Section 6. Confidentiality

A Rule 31 dispute resolution neutral or settlement judge shall preserve and maintain the confidentiality of all alternative dispute resolution proceedings except where required by law to disclose the information.

Section 9. Participation of Attorneys

Attorneys may appear with clients during alternative dispute resolution proceedings.

Appendix A. Standards Of Professional Conduct For Rule 31 Mediators
    • (4) The Mediation Process.
      • (a) Orientation Session. On commencement of the mediation session, a mediator shall inform all parties that the process is consensual in nature, that the mediator is an impartial facilitator, and that the mediator may not impose or force any settlement on the parties.
      • (b) Continuation of Mediation. A mediator shall not unnecessarily or inappropriately prolong a mediation session if it becomes apparent that the case is unsuitable for mediation or if one or more of the parties is unwilling or unable to participate in the mediation process in a meaningful manner.
    • (5) Self-Determination.
      • (a) Parties’ Right to Decide. A mediator shall assist the parties in reaching an informed and voluntary settlement. Decisions are to be made voluntarily by the parties themselves.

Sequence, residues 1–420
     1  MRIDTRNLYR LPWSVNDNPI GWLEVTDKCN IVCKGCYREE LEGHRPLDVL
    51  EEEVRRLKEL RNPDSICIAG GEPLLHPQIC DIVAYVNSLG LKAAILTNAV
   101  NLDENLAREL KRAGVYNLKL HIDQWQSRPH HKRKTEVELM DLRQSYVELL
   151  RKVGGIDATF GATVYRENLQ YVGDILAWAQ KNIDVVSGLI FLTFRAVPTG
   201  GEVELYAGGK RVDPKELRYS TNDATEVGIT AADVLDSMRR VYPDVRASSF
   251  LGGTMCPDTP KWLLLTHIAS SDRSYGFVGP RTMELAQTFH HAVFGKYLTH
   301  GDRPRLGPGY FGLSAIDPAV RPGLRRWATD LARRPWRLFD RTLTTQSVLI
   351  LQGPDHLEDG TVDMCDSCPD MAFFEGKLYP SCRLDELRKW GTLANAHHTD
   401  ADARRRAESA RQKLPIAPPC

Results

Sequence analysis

• (b) Prohibition of Mediator Coercion. A mediator shall not coerce or unfairly influence a party into a settlement agreement and shall not make substantive decisions for any party to a mediation process.
      • (c) Prohibition of Misrepresentation. A mediator shall not intentionally nor knowingly misrepresent material facts or circumstances in the course of conducting a mediation.
      • (d) A Balanced Process. A mediator shall promote a balanced process and shall encourage the parties to conduct the mediation deliberations in a nonadversarial manner.
      • (e) Mutual Respect. A mediator shall promote mutual respect among the parties throughout the mediation process.
    • (8) Professional Advice.
      • (a) Generally. A mediator shall not provide information the mediator is not qualified by training or experience to provide.
      • (b) Independent Legal Advice. When a mediator believes a party does not understand or appreciate how an agreement may adversely affect legal rights or obligations, the mediator shall advise the participants to seek independent legal counsel.
      • (d) Personal Opinion. While a mediator may point out possible outcomes of the case, a mediator should not offer a firm opinion as to how the court in which the case has been filed will resolve the dispute.

Resources, References and More: